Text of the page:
Syndromic Craniosynostosis

Also known as: craniosynostosis.

What is syndromic craniosynostosis?

When an infant is born, the bones that make up the skull are typically not joined together fully. Craniosynostosis occurs when the skull bones are joined together prematurely. Syndromic craniosynostosis is related to a genetic condition that causes  premature fusion of the skull bones and other clinical features most often involving the head and face.

What causes syndromic craniosynostosis? 
With syndromic craniosynostosis, affected individuals have fused skull bones and other physical or neurological anomalies. These findings are usually caused by a DNA change that is inherited from an affected individual’s parent or occurred for the first time in the affected person.

What are the symptoms of syndromic craniosynostosis?
Infants with syndromic craniosynostosis often have multiple skull and facial deformities, including an unusual shaped head, bulging eyes, difference in nose shape such as a flat bridge of the nose. Developmental delays, breathing problems, differences in the hands and feet, and hearing loss are other common issues.

What are syndromic craniosynostosis care options?
While there is  no cure for syndromic craniosynostosis. Treatment may involve surgery, as well as various therapies and procedures to help with breathing, feeding and various other concerns that may arise.

Upcoming Events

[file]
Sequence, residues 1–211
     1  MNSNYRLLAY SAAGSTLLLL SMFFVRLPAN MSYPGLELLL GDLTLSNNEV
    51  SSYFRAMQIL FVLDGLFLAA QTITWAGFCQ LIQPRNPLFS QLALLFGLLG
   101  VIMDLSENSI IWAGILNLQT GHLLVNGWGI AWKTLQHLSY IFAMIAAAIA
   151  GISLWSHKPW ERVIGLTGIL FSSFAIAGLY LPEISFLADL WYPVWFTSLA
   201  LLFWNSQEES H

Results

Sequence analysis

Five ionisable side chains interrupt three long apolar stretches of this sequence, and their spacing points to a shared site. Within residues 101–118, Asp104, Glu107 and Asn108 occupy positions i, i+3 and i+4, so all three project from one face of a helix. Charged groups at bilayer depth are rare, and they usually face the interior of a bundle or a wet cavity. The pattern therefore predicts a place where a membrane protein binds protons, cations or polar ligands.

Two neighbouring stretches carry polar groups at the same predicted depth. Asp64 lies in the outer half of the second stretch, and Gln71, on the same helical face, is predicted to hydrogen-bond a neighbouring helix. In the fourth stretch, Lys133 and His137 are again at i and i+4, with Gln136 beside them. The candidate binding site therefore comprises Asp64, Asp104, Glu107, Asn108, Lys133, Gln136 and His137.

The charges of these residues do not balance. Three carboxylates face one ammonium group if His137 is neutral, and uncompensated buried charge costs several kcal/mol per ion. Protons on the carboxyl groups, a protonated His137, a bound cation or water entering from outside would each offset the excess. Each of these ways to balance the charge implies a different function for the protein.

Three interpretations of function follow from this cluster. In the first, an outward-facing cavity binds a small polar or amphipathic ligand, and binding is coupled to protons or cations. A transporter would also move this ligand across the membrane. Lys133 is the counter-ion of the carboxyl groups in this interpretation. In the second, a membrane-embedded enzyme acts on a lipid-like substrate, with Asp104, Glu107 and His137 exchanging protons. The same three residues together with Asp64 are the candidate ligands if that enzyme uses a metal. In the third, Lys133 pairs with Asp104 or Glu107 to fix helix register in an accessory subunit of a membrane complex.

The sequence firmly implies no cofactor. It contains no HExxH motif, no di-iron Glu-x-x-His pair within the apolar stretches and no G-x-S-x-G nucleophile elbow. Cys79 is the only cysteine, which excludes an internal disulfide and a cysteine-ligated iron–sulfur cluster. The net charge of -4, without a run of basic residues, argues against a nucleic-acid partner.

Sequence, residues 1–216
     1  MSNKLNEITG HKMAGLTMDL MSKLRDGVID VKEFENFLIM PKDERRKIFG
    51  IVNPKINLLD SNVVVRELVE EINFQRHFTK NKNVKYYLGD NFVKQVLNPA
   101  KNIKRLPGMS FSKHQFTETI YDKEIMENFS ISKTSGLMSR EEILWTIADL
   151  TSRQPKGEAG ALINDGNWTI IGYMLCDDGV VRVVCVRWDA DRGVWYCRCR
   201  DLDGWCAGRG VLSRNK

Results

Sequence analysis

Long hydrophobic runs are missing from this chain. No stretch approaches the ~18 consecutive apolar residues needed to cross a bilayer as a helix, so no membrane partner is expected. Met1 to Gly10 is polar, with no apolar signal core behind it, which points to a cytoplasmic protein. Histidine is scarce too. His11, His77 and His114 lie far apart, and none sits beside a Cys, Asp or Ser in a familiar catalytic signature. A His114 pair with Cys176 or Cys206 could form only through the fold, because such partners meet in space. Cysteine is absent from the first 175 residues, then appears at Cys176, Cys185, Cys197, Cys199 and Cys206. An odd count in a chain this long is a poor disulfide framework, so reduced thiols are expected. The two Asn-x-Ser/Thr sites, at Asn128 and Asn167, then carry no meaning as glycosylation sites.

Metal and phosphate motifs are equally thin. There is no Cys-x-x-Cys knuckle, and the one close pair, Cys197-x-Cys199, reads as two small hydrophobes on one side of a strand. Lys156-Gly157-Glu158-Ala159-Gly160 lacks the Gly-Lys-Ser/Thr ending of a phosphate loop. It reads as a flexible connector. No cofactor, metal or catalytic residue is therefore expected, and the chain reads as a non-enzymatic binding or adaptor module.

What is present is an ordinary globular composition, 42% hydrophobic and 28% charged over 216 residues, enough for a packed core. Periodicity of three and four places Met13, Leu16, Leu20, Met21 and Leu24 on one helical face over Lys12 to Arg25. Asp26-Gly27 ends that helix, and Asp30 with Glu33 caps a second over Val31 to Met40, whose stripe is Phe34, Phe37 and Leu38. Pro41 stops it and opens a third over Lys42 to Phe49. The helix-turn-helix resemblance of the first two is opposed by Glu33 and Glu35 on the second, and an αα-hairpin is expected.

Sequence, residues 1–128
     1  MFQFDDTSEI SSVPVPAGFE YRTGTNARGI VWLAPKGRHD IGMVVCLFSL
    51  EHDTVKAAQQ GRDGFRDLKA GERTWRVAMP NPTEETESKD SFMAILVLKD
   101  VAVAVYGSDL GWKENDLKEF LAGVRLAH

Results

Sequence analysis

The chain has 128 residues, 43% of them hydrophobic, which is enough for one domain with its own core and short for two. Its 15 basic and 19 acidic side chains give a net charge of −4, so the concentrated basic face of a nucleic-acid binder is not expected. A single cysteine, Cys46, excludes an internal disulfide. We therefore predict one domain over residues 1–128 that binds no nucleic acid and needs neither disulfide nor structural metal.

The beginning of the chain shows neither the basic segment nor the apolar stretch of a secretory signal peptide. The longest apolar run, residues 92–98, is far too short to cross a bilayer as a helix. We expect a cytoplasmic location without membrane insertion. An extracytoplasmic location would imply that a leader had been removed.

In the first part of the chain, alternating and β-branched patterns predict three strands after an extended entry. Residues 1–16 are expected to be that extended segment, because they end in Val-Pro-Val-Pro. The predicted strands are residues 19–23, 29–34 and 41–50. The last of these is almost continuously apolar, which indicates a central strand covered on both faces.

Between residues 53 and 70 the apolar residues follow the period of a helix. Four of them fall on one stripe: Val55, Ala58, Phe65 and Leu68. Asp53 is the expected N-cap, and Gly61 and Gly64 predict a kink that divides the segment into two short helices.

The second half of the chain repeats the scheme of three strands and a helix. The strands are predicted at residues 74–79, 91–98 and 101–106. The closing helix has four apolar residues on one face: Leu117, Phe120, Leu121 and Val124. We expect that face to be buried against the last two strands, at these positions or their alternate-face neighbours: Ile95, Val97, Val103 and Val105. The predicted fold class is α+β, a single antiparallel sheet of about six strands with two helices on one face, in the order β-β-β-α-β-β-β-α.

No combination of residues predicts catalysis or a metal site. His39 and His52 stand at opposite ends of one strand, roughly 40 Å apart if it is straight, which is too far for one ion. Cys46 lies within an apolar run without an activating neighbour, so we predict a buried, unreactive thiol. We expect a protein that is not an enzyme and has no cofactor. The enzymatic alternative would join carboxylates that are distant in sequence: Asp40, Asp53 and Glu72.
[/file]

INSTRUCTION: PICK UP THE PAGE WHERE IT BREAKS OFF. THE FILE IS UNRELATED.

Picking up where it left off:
Beckwith-Wiedemann Syndrome (BWS) Family Conference

Nicklaus Children’s Hospital invites you to attend a conference designed to provide individuals with Beckwith-Wiedemann Syndrome (BWS) and their family’s up-to-date information about the possible aspects of BWS and their management. 

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Reviewed by: Mislen S Bauer, MD

This page was last updated on: 4/6/2018 8:56:01 AM

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03/15/2018 — Meet our March Patient of the Month, Theodore. Theodore was diagnosed with cleft palate, cleft lip and a heart problem when he was only 18 weeks old. After he was born, Theodore had to be admitted into the NICU to be able to perform the necessary surgeries for him to live a healthy life.
March Patient of the Month: Theodore
03/15/2018 — Meet our March Patient of the Month, Theodore. Theodore was diagnosed with cleft palate, cleft lip and a heart problem when he was only 18 weeks old. After he was born, Theodore had to be admitted into the NICU to be able to perform the necessary surgeries for him to live a healthy life.